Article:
The 2017 Verizon Data Breach Investigation Report shows that across the world, the main cyber security threats facing government organisations come from “state-affiliated espionage” although few attacks are ever attributed to specific nation-states.
Nearly all of these cyber-espionage attacks begin with spear-phishing emails. Misuse of privileges and miscellaneous errors were the next two big categories of confirmed data breaches for government agencies.
“Verizon does tend to see quite a lot of spear-phishing, and email, in-bound attacks to federal customers,” Prescott Pym, Verizon’s Canberra-based network security operations manager, told The Mandarin.
He explains the company handles gateway management for most of the federal government’s law enforcement and defence agencies, and most of the bad stuff starts with a dodgy email that tricks someone into clicking where they shouldn’t.
“And this year, after doing the research, Verizon’s really found that the ransomware and malware — targeted campaigns by some of these state-affiliated actors — are really on the rise as the easy mechanism to get into corporations and government agencies,” said Pym.
The tenth iteration of the jocular report, released last week, is the first to include specific sections on industry sectors, including public administration.
In government, data breaches also appear to take a long time to discover. The report explains (in the trademark humourous style that also makes it stand out as a very readable corporate report, despite the dry subject matter):
“As a rule, the government is only in a hurry if you owe them something. Otherwise their mills may grind fine, but they grind very slowly. Certainly, it would appear that is the case when it comes to breach discovery.”
There were 66 public sector breaches where “time to discovery” is known and in 39 of those cases, it took years.
It took less than a year in nine cases, under a month in four instances, a matter of days on three occasions, only a few hours for eight exfiltrations, and mere minutes in three examples.
“Some of the … really top-end state-affiliated actors or nation-states, they have some pretty advanced malware and they’re pretty good at hiding their tracks,” said Pym.
He says the company has been sharing threat indicators and intelligence with government much more than in the past and that this kind of collaboration is the best way to detect breaches sooner.
Pym acknowledges “the inability to come together has been a blocking factor” but says the Prime Minister’s cyber security adviser Alistair MacGibbon has been working hard on bridging the gap between government and industry over the past year.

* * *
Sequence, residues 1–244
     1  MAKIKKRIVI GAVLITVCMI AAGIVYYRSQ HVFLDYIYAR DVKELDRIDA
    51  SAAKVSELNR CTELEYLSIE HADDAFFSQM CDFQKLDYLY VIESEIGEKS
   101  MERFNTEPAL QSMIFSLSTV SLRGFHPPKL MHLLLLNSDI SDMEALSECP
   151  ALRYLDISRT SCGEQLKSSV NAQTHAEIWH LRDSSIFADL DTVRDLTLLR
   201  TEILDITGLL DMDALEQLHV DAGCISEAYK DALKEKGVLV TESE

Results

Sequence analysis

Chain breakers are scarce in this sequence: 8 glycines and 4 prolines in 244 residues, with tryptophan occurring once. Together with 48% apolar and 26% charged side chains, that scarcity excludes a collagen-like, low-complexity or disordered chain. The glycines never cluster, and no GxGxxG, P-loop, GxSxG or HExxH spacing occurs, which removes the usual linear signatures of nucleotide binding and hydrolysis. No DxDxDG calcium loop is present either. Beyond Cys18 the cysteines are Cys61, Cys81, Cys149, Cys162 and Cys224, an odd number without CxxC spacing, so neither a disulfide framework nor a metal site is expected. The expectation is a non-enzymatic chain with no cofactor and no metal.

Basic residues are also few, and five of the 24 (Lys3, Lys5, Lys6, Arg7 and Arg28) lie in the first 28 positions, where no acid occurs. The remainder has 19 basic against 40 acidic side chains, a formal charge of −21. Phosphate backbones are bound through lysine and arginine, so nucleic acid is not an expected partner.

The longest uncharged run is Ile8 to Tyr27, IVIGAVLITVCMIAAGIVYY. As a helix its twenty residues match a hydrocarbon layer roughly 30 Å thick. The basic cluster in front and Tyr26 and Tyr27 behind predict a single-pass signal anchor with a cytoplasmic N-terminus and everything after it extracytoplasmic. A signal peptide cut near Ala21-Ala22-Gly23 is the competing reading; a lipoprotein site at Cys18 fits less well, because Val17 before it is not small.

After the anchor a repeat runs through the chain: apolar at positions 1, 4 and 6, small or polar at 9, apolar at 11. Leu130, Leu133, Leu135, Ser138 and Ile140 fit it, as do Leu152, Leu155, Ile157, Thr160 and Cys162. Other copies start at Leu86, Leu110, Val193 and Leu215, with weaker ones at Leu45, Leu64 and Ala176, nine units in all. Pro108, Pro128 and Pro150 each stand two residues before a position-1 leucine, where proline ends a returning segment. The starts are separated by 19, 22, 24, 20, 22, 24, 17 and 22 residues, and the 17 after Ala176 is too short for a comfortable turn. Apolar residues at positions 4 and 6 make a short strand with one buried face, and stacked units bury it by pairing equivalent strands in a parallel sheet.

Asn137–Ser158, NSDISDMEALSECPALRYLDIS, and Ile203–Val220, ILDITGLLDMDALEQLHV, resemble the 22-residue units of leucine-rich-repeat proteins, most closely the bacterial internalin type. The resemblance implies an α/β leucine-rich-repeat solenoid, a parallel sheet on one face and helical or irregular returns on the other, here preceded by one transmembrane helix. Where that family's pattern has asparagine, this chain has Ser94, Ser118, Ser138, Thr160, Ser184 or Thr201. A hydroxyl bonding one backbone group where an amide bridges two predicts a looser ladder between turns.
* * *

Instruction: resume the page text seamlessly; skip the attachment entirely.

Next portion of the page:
The yearly report provides an extremely broad overview of what’s happening among a large number of organisations across the world, but warns repeatedly it is not a totally representative sample.
Rather, it is Verizon’s attempt to slice and dice whatever data it can get, which is a lot, given the number of contributors and the amount of information that goes through its global IP network, which the company claims is about 70% of the world’s internet traffic.
This year’s effort considers information about 239 confirmed data breaches that hit public agencies last year, among a huge amount of other information on the global trends of 2016.
The fact governments reported a whopping 21,000 incidents — way more than any other sector — is no cause for alarm. The report gets a lot of data that comes out of governments and they typically have a far lower threshold for reporting cyber security incidents than people in the private sector.
In the public administration category, 41% of breaches were linked to espionage and it was identified as the main motivation for 64% of threat actors.
About 40% were insiders, and 20% had a financial motivation while 13% hack for fun, ideological reasons or because of a personal grudge. The type of data breached was split pretty evenly between personal information and “secrets” while 14% of breaches concerned credentials and 9% medical data.
It seems the cyber-espionage industry is booming and a lot of private sector businesses are targets as well. Out of 271 breaches in this category, 115 were in manufacturing and 112 in the public sector. The report notes:
“Unlike organized criminal groups, who are typically after directly monetizable data, state-affiliated actors are playing the long game and are more selective of their targets.”
Aaron Sharp, a Sydney-based security consultant with Verizon Enterprise Solutions, adds that trusted insiders are a threat to watch out for in the public sector, who could be involved with state-affiliated espionage.
“Those nation-state threat actors are very targeted and they can afford to take a lot of time and be patient in trying to get to what they want to get to, but I think the other element that helps them cover their tracks and makes detection harder is the prevalence of insider threats,” Sharp told The Mandarin.
“If they’re working in conjunction with an insider, it just makes their job so much easier, because they know where all the controls are and they can just make hiding their tracks so much easier, so I think that’s the other element.”